Just after the election, social- science-minded liberal and conservative pundits seem to agree about why President Obama won and Mitt Romney lost: changing demographics. The U.S. electorate is no longer dominated by ethnocentric, semi-literate white males and their obedient, loyal wives. The GOP can no longer afford to ignore or insult women, academia, urban America, Christian liberals, Hispanics, African Americans, gays, and just about everyone else. They are going to have to reach out to at least some other people or else they will cease to be nationally important and become a regional party – primarily a party of the deep South and the Great Plains. Soon even Texas, where the deep South and the Great Plains meet, will be a swing state.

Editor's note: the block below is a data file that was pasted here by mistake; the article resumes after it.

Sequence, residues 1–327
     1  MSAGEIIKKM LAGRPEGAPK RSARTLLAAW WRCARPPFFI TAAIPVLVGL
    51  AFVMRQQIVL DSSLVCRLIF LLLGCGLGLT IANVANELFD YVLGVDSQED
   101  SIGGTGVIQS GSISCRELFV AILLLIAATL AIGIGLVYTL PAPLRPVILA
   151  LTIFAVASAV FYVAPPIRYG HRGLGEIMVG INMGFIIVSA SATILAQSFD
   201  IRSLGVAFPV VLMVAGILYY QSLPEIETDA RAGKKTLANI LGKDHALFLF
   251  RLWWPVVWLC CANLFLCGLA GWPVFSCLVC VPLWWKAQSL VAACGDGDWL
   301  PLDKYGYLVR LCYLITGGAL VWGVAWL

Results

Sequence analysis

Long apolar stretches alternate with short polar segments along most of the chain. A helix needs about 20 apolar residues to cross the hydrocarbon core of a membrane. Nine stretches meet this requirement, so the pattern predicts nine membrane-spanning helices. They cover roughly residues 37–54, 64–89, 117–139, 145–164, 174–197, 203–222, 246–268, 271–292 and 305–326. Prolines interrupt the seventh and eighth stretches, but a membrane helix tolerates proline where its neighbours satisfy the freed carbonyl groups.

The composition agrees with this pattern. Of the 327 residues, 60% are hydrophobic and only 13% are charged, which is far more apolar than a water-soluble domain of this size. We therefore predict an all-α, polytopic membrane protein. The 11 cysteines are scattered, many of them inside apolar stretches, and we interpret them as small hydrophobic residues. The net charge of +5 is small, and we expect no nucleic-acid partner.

I hope that all of that is right. But I think the Republicans, and Romney in particular, also lost on the issues. The only clear, consistent themes in Romney’s campaign were that he was going to give tax breaks to the wealthy, cut spending, and repeal “Obamacare.” A large number of Americans understood that if Romney was going to give tax breaks to the wealthy and cut spending, then he was going to have to hurt most other Americans to pay for it. As for Obamacare, many Americans who hated it must have known that even as president, Romney wouldn’t have the power to repeal it, and many other Americans do not hate Obamacare. Indeed, most Americans like Obamacare, when it is presented to them piece by piece. Finally, it wasn’t just liberals who noticed that Romney was the ultimate weather-vane, changing positions according to whatever he thought his audiences wanted to hear. Many moderates, and even some conservatives, noticed it too. By election day, Romney had two special messages. His message to the general public was that he did not mean the things he told conservatives. He had to say those things to win their support. His message to conservatives was that he did not mean the things he said to the general public. He had to say those things to win their support. Who was supposed to believe him, the general public or conservatives? It is not surprising that Romney lost. What is surprising is that he was not far behind in the popular vote.